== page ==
Toy Trends At the New York International Toy Fair 2012

Discovery Bay Duo Plink

It only took one day at the New York International Toy Fair to note what I thought was the biggest trend in 2012–pairing the iPad and tablets to traditional play whether it was a board game, puzzle or trampoline.

I started  at one of my favorite companies, The WonderForge, where in addition to their new creative board games, they introduced apps for the iPad, designed to build preschool learning skills through interactive play. Their “Dr. Seuss AppPlay Games” includes 3 options that use a set of 36 tiles that players manipulate to match attributes, guess through the process of elimination, and comprehend concepts. Kids have to look up from the iPad and interact with other players which encourages conversation and interaction.

JumpSport introduced its iBounce Kid’s Trampoline, which has a bracket to securely hold your tablet between the handle bars so kids can jump and be entertained at the same time with the “Hop-Along Rompy Roo Video” or another of your choice.

Ravensburger took their famous puzzles a step further, with their “augmented reality” feature. After completing the beautiful scenes, look through your iPad or iPhone camera, using a free app from the app store, and your puzzle comes to life. You can change the weather (I saw snow fall) or as a large fish swims by in an ocean scene, you can search for a similar species in the puzzle.

Hasbro’s “The Game of Life zAPPed” sets the iPad right in the middle of the board game, where turns begin with a swipe of the virtual wheel. By the way, I saw others begin to connect the tablets to games in the same way, with clever spinners on the iPad.

Discovery Bay’s new products this year were both Appcessories! “Duo Pop” and “Duo Plink” are accessories  which add some technical feature to the free apps that come with the product. Press your popper (which looks like a colorful inhaler upside down) when you make a move on the iPad, or place the Duo Plink on your iPad and players answer questions by placing tokens on the color of their best guess. Plink rotates and drops the winning tokens into the bank–keeping score for you. Several free apps come with your Plink like “What on earth?” or “Artifact of Fiction?” I felt like I was back on the Newlywed Game when I had to guess my husband’s answer to which chair he would like better–a beanbag or recliner? I won’t tell if I got it right.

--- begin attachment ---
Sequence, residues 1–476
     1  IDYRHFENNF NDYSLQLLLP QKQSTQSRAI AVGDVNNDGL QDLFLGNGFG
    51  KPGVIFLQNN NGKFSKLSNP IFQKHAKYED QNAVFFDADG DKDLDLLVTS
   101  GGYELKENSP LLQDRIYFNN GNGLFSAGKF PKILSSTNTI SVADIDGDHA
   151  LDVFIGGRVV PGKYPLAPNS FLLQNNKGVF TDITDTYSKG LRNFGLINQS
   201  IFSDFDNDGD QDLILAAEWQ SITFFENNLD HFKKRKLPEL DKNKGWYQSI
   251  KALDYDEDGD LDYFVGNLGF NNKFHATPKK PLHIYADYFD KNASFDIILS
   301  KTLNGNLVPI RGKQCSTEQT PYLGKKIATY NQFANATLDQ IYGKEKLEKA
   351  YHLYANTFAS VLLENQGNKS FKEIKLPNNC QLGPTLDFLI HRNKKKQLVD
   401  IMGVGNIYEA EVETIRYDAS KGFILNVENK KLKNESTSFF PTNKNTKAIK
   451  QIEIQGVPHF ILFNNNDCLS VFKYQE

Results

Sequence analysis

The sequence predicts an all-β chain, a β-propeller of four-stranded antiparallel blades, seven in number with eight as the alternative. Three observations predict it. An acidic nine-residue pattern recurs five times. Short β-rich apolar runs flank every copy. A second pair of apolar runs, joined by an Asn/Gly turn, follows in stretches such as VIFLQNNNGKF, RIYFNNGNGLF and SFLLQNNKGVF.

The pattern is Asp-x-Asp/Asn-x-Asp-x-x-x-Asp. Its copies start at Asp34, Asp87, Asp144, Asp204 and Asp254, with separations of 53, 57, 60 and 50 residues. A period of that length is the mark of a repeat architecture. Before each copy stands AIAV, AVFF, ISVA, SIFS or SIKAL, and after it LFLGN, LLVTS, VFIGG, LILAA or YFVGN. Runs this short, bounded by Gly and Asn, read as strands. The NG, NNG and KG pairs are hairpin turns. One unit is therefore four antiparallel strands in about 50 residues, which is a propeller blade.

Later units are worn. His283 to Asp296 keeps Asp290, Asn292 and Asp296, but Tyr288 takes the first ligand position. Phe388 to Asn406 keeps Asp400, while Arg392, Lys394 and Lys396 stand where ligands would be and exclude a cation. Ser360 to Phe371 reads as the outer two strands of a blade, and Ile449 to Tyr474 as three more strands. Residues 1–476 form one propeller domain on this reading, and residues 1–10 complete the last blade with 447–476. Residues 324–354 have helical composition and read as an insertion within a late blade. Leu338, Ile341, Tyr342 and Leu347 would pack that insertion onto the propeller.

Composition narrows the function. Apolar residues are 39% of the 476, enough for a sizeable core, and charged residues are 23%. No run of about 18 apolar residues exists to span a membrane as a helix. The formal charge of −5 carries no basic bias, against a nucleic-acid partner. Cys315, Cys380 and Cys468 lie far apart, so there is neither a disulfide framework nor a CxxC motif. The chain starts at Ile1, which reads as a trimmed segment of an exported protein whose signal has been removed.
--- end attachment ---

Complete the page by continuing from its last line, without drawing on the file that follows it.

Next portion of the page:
Lapiluv

Game Changer by Identity Games was the most integrated of the iPad-board game products that I saw. Slide your iPad into the cradle, download the app, place the game skins on either side and you are ready to move your game pieces across the board. Right now it comes with 2 games, “Animal Mania” and “The Magic School Bus” but I see the potential to customize your game skins, especially for teachers and therapists to help students in specific academic areas.

Lapiluv, our latest PAL Award winner, was launching it’s double sided entertainment center that straps on an adult, like an apron,  to hold traditional toys or your phone or iPad to have some face to face interaction with your baby or toddler. Here’s my full review on how to turn time with technology into an interactive language learning experience.

Clearly companies are inventing new ways to integrate and augment the various iProducts and tablets to enhance play. I look forward to further innovation to provide learning embedded in new products as we go forward.

Game Changer and Lapiluv were provided for review.

 

 

This entry was posted in 3-6 year-olds, 6-8 year-olds, 8 years and up, Games, Language. Bookmark the permalink.

3 Responses to Toy Trends At the New York International Toy Fair 2012

  1. sherry says:

    I think the verdict is still out on how, when and how much technology inserted into toys and games is beneficial for learning and the whole child. Playmobil will always be a favorite of mine for its open ended creative play!

  2. Dave Bartels says:

    I ran across this article on the introduction of the iPad into young lives. I tend to share this writers feeling that too often the in guise of technological enlightenment individual creativity and interpersonal involvement are overshadowed. Here’s the link to the article:
    http://www.cio.com/article/701182/Why_You_Should_Not_Buy_Your_Child_an_iPad?page=1&taxonomyId=3164

    Obviously, all things in moderation.
    dave

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